There is no evidence that requirements engineering contributes to the success of software projects or systems. Problem structuring, a key aspect of requirements engineering, decreases design performance. [10] Some research suggests that software requirements are often an illusion misrepresenting design decisions as requirements in situations where no real requirements are evident.[11]

See also


  1. ^ Nuseibeh, B.; Easterbrook, S. (2000). Requirements engineering: a roadmap (PDF). ICSE'00. Proceedings of the conference on the future of Software engineering. pp. 35–46. CiteSeerX accessible. ISBN 1-58113-253-0. doi:10.1145/336512.336523. 
  2. ^ Kotonya, Gerald; Sommerville, Ian (September 1998). Requirements Engineering: Processes and Techniques. John Wiley & Sons. ISBN 0-471-97208-8. 
  3. ^ Chemuturi, M. (2013). Requirements Engineering and Management for Software Development Projects. ISBN 978-1-4614-5376-5. doi:10.1007/978-1-4614-5377-2. 
  4. ^ Software Requirements Engineering Methodology (Development) Alford, M. W. and Lawson,J. T. TRW Defense and Space Systems Group. 1979.
  5. ^ Thayer, Richard H.; Dorfman, Merlin, eds. (March 1997). Software Requirements Engineering (2nd ed.). IEEE Computer Society Press. ISBN 0-8186-7738-4.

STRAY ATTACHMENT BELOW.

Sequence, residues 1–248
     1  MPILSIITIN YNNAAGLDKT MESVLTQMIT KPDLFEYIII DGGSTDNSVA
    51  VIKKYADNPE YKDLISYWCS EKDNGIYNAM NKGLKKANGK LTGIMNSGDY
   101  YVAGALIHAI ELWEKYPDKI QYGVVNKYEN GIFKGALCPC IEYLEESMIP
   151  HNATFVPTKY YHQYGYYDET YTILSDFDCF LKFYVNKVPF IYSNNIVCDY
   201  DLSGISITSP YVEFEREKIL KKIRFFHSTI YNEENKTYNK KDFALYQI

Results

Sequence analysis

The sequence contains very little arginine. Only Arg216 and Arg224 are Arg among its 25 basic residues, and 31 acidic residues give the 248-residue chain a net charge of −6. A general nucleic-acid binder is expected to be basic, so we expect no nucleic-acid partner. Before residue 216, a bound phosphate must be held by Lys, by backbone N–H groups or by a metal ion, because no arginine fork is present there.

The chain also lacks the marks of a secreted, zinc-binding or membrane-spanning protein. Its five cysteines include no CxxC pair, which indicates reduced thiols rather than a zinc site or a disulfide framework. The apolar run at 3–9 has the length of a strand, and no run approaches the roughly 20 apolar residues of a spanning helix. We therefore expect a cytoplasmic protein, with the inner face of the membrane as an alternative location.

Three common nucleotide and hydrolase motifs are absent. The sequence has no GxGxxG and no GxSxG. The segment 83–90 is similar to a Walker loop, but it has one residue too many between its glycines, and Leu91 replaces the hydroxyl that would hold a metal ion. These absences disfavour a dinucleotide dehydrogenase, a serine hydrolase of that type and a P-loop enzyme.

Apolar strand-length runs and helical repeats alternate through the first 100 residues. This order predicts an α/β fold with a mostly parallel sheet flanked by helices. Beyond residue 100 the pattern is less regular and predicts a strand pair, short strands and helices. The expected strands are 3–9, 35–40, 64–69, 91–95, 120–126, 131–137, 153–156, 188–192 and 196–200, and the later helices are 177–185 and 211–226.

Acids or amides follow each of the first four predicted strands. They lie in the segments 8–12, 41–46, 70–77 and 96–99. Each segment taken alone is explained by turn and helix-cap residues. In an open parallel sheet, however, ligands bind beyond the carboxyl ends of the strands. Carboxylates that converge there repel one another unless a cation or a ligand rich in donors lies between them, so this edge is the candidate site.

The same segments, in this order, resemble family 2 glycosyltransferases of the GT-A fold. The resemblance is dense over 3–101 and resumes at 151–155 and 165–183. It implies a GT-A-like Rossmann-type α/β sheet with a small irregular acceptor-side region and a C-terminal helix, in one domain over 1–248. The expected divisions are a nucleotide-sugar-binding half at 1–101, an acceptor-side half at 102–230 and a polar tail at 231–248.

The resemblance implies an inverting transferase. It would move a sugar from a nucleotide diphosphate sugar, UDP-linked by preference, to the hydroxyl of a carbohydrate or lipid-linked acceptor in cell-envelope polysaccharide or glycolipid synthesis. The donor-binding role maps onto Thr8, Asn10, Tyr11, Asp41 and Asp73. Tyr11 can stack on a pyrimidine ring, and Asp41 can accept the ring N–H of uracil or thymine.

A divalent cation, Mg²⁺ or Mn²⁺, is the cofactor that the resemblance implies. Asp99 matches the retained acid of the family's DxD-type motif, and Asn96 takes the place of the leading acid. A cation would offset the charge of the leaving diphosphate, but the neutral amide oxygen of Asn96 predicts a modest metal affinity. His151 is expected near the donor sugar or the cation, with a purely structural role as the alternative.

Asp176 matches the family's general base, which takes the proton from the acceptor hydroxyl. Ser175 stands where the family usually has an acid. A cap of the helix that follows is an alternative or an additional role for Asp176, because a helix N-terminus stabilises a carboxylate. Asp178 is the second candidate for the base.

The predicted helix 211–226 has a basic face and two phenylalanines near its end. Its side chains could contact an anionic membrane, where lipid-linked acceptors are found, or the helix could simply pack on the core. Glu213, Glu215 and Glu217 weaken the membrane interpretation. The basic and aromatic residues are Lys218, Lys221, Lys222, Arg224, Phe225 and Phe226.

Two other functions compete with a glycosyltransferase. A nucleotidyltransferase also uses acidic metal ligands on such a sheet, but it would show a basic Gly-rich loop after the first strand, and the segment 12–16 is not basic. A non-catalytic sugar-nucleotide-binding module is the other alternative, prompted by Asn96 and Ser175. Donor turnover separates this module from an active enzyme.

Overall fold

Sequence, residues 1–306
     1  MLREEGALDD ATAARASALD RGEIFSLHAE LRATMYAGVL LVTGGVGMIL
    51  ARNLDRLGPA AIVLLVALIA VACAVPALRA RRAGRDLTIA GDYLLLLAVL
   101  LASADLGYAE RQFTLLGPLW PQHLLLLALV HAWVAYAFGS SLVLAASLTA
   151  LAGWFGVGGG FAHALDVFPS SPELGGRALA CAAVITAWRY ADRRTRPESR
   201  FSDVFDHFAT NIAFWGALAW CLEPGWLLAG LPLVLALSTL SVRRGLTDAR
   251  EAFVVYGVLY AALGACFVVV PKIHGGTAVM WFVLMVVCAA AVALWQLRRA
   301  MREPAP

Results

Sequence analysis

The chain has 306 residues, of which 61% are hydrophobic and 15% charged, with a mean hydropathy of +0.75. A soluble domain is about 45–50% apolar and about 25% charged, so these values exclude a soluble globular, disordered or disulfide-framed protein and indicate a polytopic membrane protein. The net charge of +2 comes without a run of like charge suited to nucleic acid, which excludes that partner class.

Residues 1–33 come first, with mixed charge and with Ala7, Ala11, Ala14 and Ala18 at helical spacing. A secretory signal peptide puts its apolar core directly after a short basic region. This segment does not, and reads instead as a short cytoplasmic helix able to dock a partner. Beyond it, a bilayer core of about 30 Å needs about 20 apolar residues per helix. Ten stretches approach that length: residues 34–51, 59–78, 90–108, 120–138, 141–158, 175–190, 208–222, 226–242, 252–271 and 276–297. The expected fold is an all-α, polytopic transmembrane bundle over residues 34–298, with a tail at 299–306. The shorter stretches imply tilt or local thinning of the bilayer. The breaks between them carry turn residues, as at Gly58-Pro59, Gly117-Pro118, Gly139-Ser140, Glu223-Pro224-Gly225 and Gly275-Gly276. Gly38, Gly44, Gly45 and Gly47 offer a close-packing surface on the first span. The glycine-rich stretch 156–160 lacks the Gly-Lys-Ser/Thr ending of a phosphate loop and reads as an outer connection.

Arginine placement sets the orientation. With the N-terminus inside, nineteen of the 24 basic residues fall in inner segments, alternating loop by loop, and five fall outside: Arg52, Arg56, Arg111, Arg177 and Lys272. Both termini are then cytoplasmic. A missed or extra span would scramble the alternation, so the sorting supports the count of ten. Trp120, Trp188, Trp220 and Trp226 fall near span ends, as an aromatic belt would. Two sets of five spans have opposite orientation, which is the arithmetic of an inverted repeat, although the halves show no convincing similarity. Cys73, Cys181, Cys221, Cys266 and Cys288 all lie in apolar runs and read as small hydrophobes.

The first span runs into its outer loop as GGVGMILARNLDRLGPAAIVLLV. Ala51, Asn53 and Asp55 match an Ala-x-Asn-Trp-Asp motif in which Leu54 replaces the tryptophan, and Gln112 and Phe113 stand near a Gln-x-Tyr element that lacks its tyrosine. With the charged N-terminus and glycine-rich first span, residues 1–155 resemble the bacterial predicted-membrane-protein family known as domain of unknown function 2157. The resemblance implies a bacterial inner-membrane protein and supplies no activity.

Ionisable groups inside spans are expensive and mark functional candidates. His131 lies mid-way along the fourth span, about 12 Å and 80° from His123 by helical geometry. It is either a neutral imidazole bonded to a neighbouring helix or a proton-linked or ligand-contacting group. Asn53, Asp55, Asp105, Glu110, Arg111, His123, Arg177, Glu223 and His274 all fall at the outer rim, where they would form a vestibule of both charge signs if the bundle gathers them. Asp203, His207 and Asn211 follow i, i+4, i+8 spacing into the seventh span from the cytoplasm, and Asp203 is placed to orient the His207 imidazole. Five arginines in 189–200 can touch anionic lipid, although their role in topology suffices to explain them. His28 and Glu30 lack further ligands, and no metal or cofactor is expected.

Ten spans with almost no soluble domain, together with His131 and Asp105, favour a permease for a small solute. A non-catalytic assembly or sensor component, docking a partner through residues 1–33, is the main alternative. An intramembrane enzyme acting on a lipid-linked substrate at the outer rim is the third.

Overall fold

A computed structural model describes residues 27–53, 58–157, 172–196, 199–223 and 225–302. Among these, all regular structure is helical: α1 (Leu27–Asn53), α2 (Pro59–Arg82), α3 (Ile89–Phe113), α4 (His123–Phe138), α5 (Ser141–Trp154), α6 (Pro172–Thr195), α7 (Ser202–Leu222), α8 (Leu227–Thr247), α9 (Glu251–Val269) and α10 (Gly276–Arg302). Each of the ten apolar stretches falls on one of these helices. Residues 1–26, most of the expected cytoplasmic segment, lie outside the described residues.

6. ^ Royce, W. W. (1970). Managing the Development of Large Software Systems: Concepts and Techniques (PDF). ICSE'87. Proceedings of the 9th international conference on Software Engineering. pp. 1–9. 
  7. ^ Sommerville, Ian (2009). Software Engineering (9th ed.). Addison-Wesley. ISBN 978-0-13-703515-1. 
  8. ^
  9. ^ Méndez Fernández, Daniel; Wagner, Stefan (2015). "Naming the pain in requirements engineering: A design for a global family of surveys and first results from Germany". Information and Software Technology. 57: 616–643. doi:10.1016/j.infsof.2014.05.008. 
  10. ^ Ralph, Paul; Mohanani, Rahul (May 2015). "Is Requirements Engineering Inherently Counterproductive?". IEEE. 
  11. ^ Ralph, P. (September 2013). "The illusion of requirements in software development". Requirements Engineering. 18 (3): 293–296. doi:10.1007/s00766-012-0161-4.